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What Is an Asura?

In Hinduism and Buddhism, an Asura refers to a group of beings or deities that are often depicted as powerful, supernatural beings. The term "Asura" is derived from Sanskrit and can be translated as "mighty," "powerful," or "lord."

In Hindu mythology, Asuras are considered to be a class of divine beings who are often portrayed as adversaries or rivals of the gods, known as Devas. Asuras are associated with qualities such as ambition, passion, and sometimes even with negative traits like jealousy and pride. They are known for their fierce nature and are often depicted engaging in battles or conflicts with the Devas.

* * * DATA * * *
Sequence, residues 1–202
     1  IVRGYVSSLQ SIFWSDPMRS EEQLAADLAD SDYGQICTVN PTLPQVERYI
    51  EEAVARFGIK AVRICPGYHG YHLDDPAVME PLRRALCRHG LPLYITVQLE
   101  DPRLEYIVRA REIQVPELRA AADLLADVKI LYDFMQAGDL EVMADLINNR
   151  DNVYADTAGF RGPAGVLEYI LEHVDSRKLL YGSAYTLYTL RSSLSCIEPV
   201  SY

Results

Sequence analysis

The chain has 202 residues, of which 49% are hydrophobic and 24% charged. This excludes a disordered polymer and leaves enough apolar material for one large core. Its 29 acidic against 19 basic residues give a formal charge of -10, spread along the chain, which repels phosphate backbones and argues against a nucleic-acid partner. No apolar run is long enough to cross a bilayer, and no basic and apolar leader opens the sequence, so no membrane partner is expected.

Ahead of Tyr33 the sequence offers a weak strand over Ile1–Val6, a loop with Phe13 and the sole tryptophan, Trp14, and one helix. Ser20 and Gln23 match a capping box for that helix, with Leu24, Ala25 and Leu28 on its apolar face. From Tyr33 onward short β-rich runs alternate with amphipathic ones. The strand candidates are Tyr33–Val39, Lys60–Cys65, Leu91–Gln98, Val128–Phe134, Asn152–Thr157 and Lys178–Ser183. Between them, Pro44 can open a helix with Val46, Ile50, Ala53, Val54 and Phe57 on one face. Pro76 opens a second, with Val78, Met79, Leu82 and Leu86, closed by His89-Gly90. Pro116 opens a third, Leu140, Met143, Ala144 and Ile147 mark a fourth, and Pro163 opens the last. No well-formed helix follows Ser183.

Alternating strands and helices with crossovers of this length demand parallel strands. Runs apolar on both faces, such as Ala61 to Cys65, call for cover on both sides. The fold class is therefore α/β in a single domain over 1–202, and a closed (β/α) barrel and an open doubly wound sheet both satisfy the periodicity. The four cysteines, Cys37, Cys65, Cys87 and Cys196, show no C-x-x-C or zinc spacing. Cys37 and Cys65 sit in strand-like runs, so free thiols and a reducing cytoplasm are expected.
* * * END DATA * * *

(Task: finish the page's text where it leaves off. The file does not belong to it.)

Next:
In Buddhism, the concept of Asuras varies slightly. They are also seen as powerful beings, but they are trapped in a realm known as the Asura Realm, which is considered to be one of the six realms of existence in Buddhist cosmology. Asuras in Buddhism are characterized by their constant struggle, aggression, and dissatisfaction. They are said to be consumed by jealousy and rivalry, which keeps them trapped in a cycle of suffering.

Overall, whether in Hinduism or Buddhism, the depiction and interpretation of Asuras may vary, but they generally represent a distinct class of beings associated with power, struggle, and a particular set of characteristics.


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